When your tenants are using VLANs instead of SDN
Ever since the release of Windows Azure Pack, I’ve been a strong believer of software-defined datacenters powered by Microsoft technologies. Especially the story around NVGRE has been interesting and something that Windows Server, System Center and Azure Pack are really embracing.
If you want to learn and read more about NVGRE in this context, I recommend having a look at our whitepaper: https://gallery.technet.microsoft.com/Hybrid-Cloud-with-NVGRE-aa6e1e9a
Also, if you want to learn how to design a scalable management stamp and turn SCVMM into a fabric controller for your multi-tenant cloud, where NVGRE is essential, have a look at this session: http://channel9.msdn.com/Events/TechEd/Europe/2014/CDP-B327
The objective of this blog post is to:
· Show how you should design VMM to deliver – and use dedicated VLANs to your tenants
· Show how to structure and design your hosting plans in Azure
· Customize the plan settings to avoid confusion
How to design VMM to deliver – and use dedicated VLANs to your tenants
Designing and implementing a solid networking structure in VMM can be quite a challenging task.
We normally see that during setup and installation of VMM, people don’t have all the information they need. As a result, they have already started to deploy a couple of hosts before they are actually paying attention to:
1) Host groups
2) Logical networks
3) Storage classifications
Needless to say, it is very difficult to make changes to this afterwards when you have several objects in VMM with dependencies and deep relationship.
So let us just assume that we are able to follow the guidelines and pattern I’ve been using in this script:
The fabric controller script will create host groups based on physical locations with child host groups that contains different functions.
For all the logical networks in that script, I am using “one connected network” as the network type.
This will create a 1:Many mapping of the VM network to each logical network and simplify scalability and management.
For the VLANs networks though, I will not use the network type of “one connected network”, but rather use “VLAN-based independent networks”.
This will effectively let me create a 1:1 mapping of a VM network to a specific VLAN/subnet within this logical network.
The following screenshot shows the mapping and the design in our fabric.
Now the big question: why VLAN-based independent network with a 1:1 mapping of VM network and VLAN?
As I will show you really soon, the type of logical network we use for our tenant VLANs gives us more flexibility due to isolation.
When we are adding the newly created logical network to a VMM Cloud, we simply have to select the entire logical network.
But when we are creating Hosting Plans in Azure Pack admin portal/API, we can now select the single and preferred VM Network (based on VLAN) for our tenants.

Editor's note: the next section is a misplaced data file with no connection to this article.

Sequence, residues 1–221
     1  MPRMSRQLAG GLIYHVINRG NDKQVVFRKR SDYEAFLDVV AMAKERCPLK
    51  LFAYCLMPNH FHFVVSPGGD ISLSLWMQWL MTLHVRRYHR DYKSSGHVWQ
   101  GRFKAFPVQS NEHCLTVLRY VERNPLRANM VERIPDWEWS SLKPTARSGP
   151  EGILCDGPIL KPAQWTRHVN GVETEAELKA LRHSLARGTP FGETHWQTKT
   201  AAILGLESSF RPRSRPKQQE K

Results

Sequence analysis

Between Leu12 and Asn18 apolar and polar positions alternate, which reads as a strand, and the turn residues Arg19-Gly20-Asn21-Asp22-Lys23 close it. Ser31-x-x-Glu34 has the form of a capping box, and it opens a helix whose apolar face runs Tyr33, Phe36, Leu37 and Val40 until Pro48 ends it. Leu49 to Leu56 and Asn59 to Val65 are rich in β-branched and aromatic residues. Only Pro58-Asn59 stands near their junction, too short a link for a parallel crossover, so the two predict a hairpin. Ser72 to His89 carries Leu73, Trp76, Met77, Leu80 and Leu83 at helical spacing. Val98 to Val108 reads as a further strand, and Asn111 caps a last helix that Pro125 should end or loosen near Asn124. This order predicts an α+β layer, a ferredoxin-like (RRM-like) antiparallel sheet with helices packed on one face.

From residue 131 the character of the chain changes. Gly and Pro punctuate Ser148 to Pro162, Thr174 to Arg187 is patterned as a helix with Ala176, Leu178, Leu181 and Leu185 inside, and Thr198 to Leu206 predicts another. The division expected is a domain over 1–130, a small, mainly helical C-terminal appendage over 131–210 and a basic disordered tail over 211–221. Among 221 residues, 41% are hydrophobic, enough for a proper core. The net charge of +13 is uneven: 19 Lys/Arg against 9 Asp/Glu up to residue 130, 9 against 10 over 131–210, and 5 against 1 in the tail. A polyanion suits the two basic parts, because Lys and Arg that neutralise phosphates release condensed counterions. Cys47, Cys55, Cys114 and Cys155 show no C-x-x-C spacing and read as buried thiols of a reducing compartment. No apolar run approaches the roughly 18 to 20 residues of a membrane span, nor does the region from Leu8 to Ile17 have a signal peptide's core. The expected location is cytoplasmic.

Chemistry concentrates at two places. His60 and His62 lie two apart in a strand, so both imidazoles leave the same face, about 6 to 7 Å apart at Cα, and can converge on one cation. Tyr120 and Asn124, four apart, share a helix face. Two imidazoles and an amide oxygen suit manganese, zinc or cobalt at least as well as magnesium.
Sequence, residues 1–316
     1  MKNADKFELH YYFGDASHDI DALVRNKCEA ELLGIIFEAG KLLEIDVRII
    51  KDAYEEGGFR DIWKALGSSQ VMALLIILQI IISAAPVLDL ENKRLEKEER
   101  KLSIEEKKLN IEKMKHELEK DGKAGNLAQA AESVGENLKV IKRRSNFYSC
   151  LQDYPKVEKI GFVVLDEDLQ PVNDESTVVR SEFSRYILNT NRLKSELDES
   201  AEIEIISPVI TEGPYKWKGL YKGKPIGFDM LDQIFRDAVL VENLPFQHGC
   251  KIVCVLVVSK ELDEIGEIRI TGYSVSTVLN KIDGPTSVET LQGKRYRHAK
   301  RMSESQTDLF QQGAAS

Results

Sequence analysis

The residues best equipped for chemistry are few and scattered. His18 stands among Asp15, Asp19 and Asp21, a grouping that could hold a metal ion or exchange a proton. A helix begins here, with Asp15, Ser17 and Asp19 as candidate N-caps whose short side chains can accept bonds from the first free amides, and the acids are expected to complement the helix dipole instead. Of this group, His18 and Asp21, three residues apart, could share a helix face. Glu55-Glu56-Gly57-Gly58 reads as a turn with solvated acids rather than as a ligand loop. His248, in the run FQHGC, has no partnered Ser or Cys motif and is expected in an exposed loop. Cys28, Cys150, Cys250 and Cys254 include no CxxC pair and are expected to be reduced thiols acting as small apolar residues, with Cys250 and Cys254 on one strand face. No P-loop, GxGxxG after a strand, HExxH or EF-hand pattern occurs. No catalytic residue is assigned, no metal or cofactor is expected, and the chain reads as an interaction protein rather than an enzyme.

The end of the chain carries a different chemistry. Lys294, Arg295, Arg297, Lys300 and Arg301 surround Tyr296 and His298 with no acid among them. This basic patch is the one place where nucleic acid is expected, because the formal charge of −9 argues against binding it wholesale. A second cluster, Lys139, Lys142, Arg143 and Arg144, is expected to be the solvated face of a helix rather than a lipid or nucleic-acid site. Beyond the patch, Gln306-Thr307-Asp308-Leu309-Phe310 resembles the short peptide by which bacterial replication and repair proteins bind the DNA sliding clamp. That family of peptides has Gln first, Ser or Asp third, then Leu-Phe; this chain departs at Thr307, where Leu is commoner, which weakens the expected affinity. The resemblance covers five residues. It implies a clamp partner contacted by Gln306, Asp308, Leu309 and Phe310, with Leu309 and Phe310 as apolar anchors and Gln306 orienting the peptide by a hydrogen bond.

The following screenshot from VMM shows our Cloud that is using both the Cloud Network (PA network space for NVGRE) and Tenants VLAN.
So once we have the logical network enabled at the cloud level in VMM, we can move into the Azure Pack section of this blog post.
Azure Pack is multi-tenant by definition and let you – together with VMM and the VM Cloud resource provider, scale and modify the environment to fit your needs.
When using NVGRE as the foundation for our tenants, we are able to use Azure Pack “out of the box” and have a single hosting plan – based on the VMM Cloud where we added our logical network for NVGRE, and tenants can create and manage their own software-defined networks. For this, we only need a single hosting plan as every tenant is isolated on their own virtualized network.
Of course – there might be other valid reasons to have different hosting plans, such as SLA’s, VM Roles and other service offerings. But for NVGRE, everyone can live in the same plan.
This changes once you are using VLANs. If you have a dedicated VLAN per customer, you must add the dedicated VLAN to the hosting plan in Azure Pack. This will effectively force you to create a hosting plan per tenant, so that they are not able to see/share the same VLAN configuration.
The following architecture shows how this scales.
In the hosting plan in Azure Pack, you simply add the dedicated VLAN to the plan and it will be available once the tenant subscribe to this subscription.
With the update rollup 5 of Azure Pack, we have now a new setting that simplifies the life for all the VLAN tenants out there!
I’ve always said that “if you give people too much information, they’ll ask too many questions”.
It seems like the Azure Pack product group agree on this, and we have now a new setting at the plan level in WAP that says “disable built-in network extension for tenants”.
So let us see how this looks like in the tenant portal when we are accessing a hosting plan that:
a) Provides VM Clouds
b) Has the option “disable built-in network extension for tenants” enabled
This will ease on the confusion for these tenants, as they were not able to manage any network artefacts in Azure Pack when VLAN was used. However, they will of course be able to deploy virtual machines/roles into the VLAN(s) that are available in their hosting plan.